PETTY OFFICER EDGAR EVANS (1876 – 1912)
Edgar Evans was a member of the “Polar Party” in Robert Falcon Scott’s ill-fated Terra Nova Expedition to the South Pole in 1911–1912. This group of five men, personally selected for the final expedition push, attained the Pole on January 17, 1912; but all of them, including Evans, perished as they attempted to return to their base camp.
Early Years and First Antarctic Expedition
Evans was born in Wales, the son of a seaman. He enlisted in the Royal Navy at age 15 and served with Robert Scott on the HMS Majestic. He then joined Scott’s first expedition to Antarctica aboard the Discovery in 1901–1904. Evans accompanied Scott on his “Furthest West” sledge journey to the interior of Victoria Land in 1903. Over the course of the expedition he contributed to seven polar sledge journeys totalling 174 days, a record beaten only by Scott himself. Evans was awarded the Polar Medal on Scott’s recommendation.
Return to Antarctica and the South Pole
Evans returned to Antarctica with Scott’s 1910-1913 Terra Nova expedition and Scott chose him as a member of his polar party, together with Lieutenant Henry Bowers, Lawrence Oates, and Dr. Edward Wilson. Eleven weeks after setting off from base camp, the Polar party reached the South Pole on January 17, 1912, only to discover that Roald Amundsen’s five-man party had beaten them to the Pole by five weeks. Their return journey soon became a desperate affair as the exhausted and malnourished men raced against the onset of winter. Evans had cut his hand repairing a sledge as they neared the pole and the wound did not heal. Infection, lack of food, malnutrition and intense cold now took their toll. Evans began to deteriorate mentally as well as physically, suffering from frostbite to his fingers, nose, and cheeks. He fell into a crevasse as they descended the Beardmore Glacier on February 4, and is thought to have sustained a head injury, which caused his condition to rapidly worsen.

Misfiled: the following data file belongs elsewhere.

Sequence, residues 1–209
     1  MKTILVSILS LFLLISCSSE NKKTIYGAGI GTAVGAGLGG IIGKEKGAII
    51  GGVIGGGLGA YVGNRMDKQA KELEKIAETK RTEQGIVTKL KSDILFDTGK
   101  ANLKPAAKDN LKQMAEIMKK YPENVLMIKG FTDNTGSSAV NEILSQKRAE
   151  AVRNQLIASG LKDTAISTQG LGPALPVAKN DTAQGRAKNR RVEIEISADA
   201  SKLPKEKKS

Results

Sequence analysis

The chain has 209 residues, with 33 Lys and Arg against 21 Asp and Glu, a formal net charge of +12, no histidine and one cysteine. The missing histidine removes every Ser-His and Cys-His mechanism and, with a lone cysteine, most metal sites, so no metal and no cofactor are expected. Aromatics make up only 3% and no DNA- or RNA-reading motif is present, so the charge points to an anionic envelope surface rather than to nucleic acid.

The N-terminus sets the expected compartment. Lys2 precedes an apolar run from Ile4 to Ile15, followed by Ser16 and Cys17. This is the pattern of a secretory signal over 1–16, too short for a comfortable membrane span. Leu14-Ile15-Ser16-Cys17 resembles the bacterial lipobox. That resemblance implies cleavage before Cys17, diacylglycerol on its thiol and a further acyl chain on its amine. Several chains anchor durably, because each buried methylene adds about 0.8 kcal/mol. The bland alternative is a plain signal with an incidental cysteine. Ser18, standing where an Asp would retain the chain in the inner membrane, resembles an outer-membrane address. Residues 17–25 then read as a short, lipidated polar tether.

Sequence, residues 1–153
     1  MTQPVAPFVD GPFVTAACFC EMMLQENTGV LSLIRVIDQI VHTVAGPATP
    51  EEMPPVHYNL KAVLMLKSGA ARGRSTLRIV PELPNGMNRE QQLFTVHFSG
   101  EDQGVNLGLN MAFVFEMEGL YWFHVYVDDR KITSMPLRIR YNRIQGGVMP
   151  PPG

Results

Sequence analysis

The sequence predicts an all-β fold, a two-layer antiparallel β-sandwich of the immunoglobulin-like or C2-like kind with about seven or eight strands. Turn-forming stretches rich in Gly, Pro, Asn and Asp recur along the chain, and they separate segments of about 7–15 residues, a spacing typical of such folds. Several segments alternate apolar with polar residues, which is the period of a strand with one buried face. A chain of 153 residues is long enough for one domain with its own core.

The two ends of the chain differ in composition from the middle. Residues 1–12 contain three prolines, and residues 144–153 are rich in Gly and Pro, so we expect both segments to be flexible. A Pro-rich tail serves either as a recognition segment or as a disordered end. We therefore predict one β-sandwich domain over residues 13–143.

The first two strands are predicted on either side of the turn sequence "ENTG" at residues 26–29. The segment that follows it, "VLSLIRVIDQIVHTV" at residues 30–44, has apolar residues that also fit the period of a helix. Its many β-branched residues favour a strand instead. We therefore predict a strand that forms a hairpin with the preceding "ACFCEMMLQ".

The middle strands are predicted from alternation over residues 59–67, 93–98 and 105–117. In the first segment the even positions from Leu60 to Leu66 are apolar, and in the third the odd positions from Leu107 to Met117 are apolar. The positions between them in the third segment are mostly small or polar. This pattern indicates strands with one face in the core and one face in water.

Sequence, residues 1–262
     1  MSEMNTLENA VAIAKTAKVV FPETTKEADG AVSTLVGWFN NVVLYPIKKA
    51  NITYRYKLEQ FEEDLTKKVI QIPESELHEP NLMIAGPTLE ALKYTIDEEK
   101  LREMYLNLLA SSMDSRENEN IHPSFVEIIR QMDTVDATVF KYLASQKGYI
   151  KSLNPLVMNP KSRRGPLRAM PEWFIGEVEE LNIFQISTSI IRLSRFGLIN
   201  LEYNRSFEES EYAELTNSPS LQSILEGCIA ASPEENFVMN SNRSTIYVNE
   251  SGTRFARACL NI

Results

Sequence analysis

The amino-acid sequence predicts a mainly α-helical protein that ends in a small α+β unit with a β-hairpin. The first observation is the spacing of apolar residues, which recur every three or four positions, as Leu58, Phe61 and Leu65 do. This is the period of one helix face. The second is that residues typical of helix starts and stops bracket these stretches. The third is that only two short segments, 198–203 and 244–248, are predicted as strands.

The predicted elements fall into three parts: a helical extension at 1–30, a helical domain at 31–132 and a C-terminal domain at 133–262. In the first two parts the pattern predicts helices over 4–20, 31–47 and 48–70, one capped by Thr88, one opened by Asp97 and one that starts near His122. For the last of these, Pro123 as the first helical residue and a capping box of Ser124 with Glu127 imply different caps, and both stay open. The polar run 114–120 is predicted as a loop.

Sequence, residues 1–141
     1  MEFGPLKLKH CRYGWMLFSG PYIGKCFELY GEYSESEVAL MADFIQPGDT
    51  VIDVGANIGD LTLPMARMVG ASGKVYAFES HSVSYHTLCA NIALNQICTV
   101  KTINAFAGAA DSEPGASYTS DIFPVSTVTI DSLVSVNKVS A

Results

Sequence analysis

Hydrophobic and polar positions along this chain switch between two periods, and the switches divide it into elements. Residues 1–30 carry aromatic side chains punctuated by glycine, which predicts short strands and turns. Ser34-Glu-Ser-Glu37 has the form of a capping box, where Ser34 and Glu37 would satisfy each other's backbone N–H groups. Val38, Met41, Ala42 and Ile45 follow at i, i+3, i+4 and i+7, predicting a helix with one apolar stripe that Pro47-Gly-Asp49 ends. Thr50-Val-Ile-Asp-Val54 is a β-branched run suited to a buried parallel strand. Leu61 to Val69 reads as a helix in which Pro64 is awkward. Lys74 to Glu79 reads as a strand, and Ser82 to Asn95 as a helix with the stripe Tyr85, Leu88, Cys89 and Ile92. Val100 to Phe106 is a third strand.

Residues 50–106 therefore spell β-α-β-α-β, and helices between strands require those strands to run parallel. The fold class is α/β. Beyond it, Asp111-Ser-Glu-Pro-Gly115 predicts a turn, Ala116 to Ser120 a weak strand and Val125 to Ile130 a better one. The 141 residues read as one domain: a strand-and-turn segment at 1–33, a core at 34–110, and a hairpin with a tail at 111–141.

On February 16, nearing the base of the glacier, Evans collapsed. The next morning, unable to keep up, he was left behind while the others went ahead towards the next supply depot. When he did not appear, they retraced their steps and found him; ‘…on his knees, clothing disarranged, hands uncovered and frostbitten and with a “wild look in his eyes”. Asked what was the matter, he replied with a slow speech that he didn’t know, but thought he must have fainted.’ He was placed onto a sledge and taken to the camp they had set up. By the time he was placed in the tent, he was comatose and he died that night. It was not recorded what was done with his body, and none of the other members of the polar party survived the return journey.
In the follow-up to the tragedy, people wanted someone to blame and Evans, as the first to die, was a convenient target, despite all other mistakes and misfortunes which befell the trip. As the only non-officer member of the final five, Evans was dismissed as someone morally unable to withstand the trek. It was said his deteriorating condition delayed the explorers, diminishing their food supply, and leading to their desperate demise. Unfortunately, Evans’ many contributions to the expedition were largely ignored.